Welcome to your daily distraction, our recommendations for ways to stay engaged and entertained while we socially distance ourselves to combat the novel coronavirus outbreak. You can find our past recommendations here; many of the opportunities we’ve highlighted are ongoing.
The more thought I give to this crisis, the more sure I am that it is an equalizer that will bring society closer together.
For example: Until this past Saturday, I had no idea what the homes of SNL cast members looked like. Now I do, and having spotted Colin Jost’s acoustic guitar and Pete Davidson’s recessed neon ceiling lights, I have gained entry to a world of celebs who are — just like myself — stuck at home. I feel more like their peer, not because I could afford their lodgings (I can’t), but because I now have the insight needed to judge their interior design.
However, after such a long time of division, one hopes that, if nothing else, we’ll come out of this ordeal kinder to one another. In the meantime, it’s particularly important to be kind to yourself. With that in mind, here’s one way to treat yourself today.
Indulge in PBS’ many, many offerings
The Public Broadcasting Service is a bastion of culture, and especially important in times like these. The channel’s “Great Performances” series — which broadcasts operas, plays, ballets and concerts — has long done the good work of making the best of live entertainment available. Right now is a good time to revisit some of that program’s highlights, currently free to stream on PBS’ website.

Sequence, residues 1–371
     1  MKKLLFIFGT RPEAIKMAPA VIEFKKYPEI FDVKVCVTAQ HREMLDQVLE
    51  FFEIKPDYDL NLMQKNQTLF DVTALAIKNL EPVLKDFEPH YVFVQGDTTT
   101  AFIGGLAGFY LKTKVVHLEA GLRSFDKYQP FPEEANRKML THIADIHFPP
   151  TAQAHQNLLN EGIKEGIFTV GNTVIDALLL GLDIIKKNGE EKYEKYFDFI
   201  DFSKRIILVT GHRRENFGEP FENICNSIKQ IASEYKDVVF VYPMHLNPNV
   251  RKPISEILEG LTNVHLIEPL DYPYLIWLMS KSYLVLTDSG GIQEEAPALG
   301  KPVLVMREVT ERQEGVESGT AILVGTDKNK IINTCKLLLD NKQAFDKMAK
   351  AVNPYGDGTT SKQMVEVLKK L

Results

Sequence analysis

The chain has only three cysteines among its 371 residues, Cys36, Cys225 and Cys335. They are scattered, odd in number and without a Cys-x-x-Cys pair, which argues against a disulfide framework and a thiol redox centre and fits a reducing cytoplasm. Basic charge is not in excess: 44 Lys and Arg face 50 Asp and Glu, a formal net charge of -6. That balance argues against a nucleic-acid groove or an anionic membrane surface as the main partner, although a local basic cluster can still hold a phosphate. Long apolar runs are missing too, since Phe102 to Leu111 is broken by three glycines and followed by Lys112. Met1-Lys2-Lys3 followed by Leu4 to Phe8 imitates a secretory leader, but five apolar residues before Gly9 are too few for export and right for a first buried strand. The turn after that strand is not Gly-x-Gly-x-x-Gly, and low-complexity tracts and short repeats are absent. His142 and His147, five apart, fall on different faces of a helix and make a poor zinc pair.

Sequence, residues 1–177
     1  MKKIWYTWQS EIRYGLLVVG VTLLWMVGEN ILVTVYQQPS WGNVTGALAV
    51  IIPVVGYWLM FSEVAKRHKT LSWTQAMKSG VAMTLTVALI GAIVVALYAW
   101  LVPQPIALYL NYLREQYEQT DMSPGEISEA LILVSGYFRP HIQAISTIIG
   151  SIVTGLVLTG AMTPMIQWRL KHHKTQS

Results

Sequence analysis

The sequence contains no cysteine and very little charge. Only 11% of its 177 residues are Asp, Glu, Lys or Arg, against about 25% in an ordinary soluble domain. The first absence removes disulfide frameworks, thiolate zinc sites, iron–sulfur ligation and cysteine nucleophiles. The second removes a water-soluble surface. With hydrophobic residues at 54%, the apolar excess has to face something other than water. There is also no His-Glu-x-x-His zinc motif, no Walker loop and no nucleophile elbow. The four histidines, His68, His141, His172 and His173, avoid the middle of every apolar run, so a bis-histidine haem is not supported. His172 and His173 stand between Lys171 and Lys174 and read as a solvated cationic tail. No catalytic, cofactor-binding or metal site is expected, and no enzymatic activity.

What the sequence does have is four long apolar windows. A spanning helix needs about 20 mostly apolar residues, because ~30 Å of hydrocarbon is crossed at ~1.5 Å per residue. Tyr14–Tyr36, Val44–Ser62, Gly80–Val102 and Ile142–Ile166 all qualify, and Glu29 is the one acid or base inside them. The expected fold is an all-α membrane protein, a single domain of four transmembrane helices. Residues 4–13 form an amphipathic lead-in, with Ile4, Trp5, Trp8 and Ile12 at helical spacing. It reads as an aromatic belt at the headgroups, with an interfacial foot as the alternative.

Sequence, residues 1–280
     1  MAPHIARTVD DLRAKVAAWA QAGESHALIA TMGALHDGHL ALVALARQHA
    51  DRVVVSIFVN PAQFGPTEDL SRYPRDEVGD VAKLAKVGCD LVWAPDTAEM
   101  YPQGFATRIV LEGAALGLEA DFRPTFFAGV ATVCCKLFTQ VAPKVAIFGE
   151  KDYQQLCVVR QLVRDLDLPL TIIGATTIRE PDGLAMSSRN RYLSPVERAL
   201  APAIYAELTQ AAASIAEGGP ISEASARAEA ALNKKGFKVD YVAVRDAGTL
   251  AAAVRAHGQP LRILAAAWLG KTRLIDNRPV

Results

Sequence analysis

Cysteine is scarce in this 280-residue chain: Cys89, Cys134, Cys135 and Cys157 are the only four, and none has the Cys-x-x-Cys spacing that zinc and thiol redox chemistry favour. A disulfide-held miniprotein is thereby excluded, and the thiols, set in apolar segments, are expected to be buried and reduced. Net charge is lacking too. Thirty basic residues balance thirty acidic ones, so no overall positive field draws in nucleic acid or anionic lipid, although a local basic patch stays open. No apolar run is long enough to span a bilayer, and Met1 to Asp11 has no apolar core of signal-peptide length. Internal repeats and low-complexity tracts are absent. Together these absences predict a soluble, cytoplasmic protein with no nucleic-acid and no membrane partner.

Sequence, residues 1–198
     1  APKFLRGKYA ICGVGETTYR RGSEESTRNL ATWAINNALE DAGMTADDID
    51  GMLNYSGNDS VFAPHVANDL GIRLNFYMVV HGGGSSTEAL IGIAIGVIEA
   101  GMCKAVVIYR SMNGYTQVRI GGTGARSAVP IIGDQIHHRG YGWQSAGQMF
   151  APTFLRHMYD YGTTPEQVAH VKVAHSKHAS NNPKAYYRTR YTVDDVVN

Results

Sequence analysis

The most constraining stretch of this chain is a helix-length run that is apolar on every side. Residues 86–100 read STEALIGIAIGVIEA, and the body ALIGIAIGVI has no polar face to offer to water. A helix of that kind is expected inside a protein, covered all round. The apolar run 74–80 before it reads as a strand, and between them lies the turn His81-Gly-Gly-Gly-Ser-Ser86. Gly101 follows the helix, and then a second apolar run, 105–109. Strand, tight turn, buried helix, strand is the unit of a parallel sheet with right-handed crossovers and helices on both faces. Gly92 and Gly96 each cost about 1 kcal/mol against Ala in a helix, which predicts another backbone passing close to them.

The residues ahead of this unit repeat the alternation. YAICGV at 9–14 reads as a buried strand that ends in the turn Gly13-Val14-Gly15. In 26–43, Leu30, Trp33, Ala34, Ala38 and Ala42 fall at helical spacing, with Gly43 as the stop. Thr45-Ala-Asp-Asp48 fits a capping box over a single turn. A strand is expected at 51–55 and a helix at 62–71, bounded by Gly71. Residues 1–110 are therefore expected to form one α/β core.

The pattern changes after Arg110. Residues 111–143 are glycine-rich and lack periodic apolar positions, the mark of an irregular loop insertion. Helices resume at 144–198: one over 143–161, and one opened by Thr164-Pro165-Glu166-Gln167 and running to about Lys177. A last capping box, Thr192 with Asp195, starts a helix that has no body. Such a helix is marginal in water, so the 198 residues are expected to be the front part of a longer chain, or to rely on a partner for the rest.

Among those highlights is a taped performance of John Logan’s Tony-winning play “Red,” starring Alfred Molina as Mark Rothko. (If you want to learn a bit more about the life of the troubled painter, a documentary on his life is also available.) Also in stage plays is Kevin Kline’s Tony-winning turn in Noel Coward’s “Present Laughter,” which is especially good if you want to laugh — and really, who doesn’t these days. If you’re more of a musical fan, start with this a feature-length documentary about legendary Broadway director and producer Hal Prince, or this 2015 U.K. broadcast of “The Sound of Music.”
And if you prefer the classics, check out a recent Shakespeare in the Park presentation of “Much Ado About Nothing,” or conductor Scott Yoo’s “Now Hear This,” where he travels to Germany and Italy to learn more about the genius of Johann Sebastian Bach and Antonio Vivaldi. Meanwhile, in modern classical music, there’s always the centennial celebration of Leonard Bernstein.
PJ Grisar is the Forward’s culture fellow. He can be reached at email@example.com
Isolation entertainment: PBS’ ‘Great Performances’